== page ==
Kent argued that “the Kyoto Protocol does not cover the world`s two largest emitters, the United States and China, and therefore cannot function.” In 2010, Canada, Japan and Russia declared that they would not accept new Kyoto commitments. Canada is the only country that rejects Kyoto. Kent argued that since Canada could not meet the targets, it had to avoid fines of $14 billion for failing to meet its targets.  This decision has generated wide international attention.  Finally, the cost of compliance has been estimated at 20 times.  Countries for which emissions are not covered by the Kyoto Protocol (the United States and China) have the largest emissions and are responsible for 41% of the Kyoto Protocol. China`s emissions increased by more than 200% between 1990 and 2009.  Canadian Council of Chief Executives[Notes 3] Vice-President John Dillon argued that a further Kyoto extension would not be effective because many countries, not just Canada, were not on track to meet their 1997 Kyoto emission reduction commitments.  “The Kyoto Protocol does not cover the world`s two largest emitters, the United States and China, and therefore cannot function,” Kent said. “It is now clear that Kyoto is not the way to a global solution to climate change.
On the contrary, it is an obstacle. Environment Minister Peter Kent said there was no point in Canada staying in the agreement because the protocol did not include China and the United States, the world`s two largest emitters of greenhouse gases, so it would not be effective in addressing climate change. He also said failure to meet the targets would have cost Canada $14 billion in fines. Canada withdrew from the Kyoto Protocol on climate change, a day after an update was agreed, and said the agreement would not work. In announcing the decision, government officials noted that the possibility of hefty fines for Canada`s non-compliance with emissions targets also played a role. In December, the United Nations Climate Change Conference will take place in Copenhagen. The aim is to create a new international climate protection agreement to replace the Kyoto Protocol, which expires in 2012. As Canada prepares to begin negotiations on a new deal, it is crucial to examine the factors that made Kyoto a failure in that country. By learning from the past, Canada can push for a more streamlined system for controlling greenhouse gas emissions that avoids the structural shortcomings that doomed the Kyoto Treaty to failure. Given the seriousness of the threat posed by global warming and the imminent threat posed by Canada`s failure to commit to reducing its greenhouse gas emissions by 25-40% below 1990 levels by 2020, it is essential that the courts be called upon to force Canada to set and meet GHG reduction targets consistent with the IPCC. In any future process of judicial review, the executive branch would find it difficult to argue that achieving the IPCC`s goals would slow down the economy: the scientific consensus suggests that the economy will collapse with environmental degradation and that a transition to a more sustainable society will actually revive it.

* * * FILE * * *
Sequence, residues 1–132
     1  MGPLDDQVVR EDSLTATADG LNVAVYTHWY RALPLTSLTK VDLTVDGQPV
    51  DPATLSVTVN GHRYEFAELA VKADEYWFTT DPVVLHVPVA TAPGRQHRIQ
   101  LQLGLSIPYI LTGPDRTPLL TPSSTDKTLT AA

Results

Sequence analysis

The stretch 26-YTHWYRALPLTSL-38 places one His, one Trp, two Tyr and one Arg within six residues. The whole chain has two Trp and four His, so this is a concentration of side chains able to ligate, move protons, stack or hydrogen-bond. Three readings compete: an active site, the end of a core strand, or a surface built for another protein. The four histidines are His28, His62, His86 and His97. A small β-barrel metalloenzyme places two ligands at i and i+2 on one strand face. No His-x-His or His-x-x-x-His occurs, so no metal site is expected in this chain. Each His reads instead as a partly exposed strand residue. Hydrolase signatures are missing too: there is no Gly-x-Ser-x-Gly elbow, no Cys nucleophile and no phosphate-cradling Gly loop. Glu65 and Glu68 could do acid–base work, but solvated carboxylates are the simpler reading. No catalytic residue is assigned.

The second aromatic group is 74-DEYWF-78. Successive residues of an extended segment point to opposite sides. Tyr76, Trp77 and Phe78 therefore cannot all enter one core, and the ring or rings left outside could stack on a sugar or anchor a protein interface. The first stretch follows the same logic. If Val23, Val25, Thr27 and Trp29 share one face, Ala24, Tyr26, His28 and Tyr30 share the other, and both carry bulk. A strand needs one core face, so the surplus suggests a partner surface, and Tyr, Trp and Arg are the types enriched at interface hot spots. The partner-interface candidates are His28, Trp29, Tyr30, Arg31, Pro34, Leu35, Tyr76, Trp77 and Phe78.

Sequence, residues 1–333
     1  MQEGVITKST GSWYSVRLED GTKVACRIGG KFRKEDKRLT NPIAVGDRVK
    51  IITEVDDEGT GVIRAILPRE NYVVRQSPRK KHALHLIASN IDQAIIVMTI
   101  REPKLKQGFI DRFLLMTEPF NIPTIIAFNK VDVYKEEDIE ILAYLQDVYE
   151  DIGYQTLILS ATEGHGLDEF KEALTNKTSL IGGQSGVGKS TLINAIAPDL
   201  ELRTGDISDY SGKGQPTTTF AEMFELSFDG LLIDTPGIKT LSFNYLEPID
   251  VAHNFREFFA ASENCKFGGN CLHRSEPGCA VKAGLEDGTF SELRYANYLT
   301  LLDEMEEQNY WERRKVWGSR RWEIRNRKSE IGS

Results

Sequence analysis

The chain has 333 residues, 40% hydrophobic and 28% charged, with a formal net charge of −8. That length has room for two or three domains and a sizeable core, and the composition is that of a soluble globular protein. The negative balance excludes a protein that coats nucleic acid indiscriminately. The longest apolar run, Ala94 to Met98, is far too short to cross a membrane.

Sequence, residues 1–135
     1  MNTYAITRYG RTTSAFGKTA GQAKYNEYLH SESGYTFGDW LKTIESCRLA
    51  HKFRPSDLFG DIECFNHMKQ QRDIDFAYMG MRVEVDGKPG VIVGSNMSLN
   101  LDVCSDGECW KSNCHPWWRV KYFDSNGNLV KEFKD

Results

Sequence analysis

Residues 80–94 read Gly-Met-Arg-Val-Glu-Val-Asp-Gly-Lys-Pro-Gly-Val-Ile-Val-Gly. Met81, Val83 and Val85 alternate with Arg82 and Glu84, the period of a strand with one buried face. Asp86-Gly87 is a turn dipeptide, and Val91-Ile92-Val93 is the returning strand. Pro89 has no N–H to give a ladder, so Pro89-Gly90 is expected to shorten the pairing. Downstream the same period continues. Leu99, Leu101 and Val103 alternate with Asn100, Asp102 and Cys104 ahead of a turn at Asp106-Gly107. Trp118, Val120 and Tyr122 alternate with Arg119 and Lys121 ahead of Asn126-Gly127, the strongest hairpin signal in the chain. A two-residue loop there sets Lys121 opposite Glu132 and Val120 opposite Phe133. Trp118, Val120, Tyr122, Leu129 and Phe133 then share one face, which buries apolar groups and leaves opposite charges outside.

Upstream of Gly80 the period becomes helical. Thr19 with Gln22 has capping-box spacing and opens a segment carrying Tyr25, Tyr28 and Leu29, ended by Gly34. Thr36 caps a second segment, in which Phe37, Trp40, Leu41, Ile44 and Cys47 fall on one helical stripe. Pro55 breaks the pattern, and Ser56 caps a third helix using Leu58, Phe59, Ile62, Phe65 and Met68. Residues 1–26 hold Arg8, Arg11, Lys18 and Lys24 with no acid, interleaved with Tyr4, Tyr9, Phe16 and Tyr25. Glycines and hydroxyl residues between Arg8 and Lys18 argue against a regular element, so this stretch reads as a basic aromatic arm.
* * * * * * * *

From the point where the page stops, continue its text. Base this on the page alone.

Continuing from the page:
Although the Protocol was adopted in 1997, it did not enter into force until 2005. Over the past eight years, countries have set reduction targets and ratified the agreement. Many Canadians were angered by the withdrawal, blaming the Conservative government for abandoning nations` responsibility to the planet. Green Party leader Elizabeth May told The Globe and Mail that the withdrawal of the protocol is “not only important, but also catastrophic for Canada.” The protocol, originally adopted in Kyoto, Japan, in 1997, aims to combat global warming. Canada`s previous Liberal government signed the agreement, but did little to implement it, and the Conservative government of current Prime Minister Stephen Harper never adopted it. Canada`s failure to achieve the goals deemed necessary to avert a global catastrophe is extremely daunting, but could it also break the law? A recent international victory in climate processes raises this interesting possibility. Negotiators from nearly 200 countries have agreed on an agreement that will put the world on track to sign a new climate agreement by 2015 to replace the first Kyoto Protocol, whose current provisions expire next year. While the Liberals and Conservatives are widely blamed for Canada`s failure to meet its targets and stay in Kyoto, the problem of climate change remains a growing threat. In particular, the most telling indicator of Canada`s record in this area is greenhouse gas emissions per unit of gross domestic product.
This indicator compares the total amount of economic activity that takes place during a given period with the total amount of greenhouse gases emitted during that period. .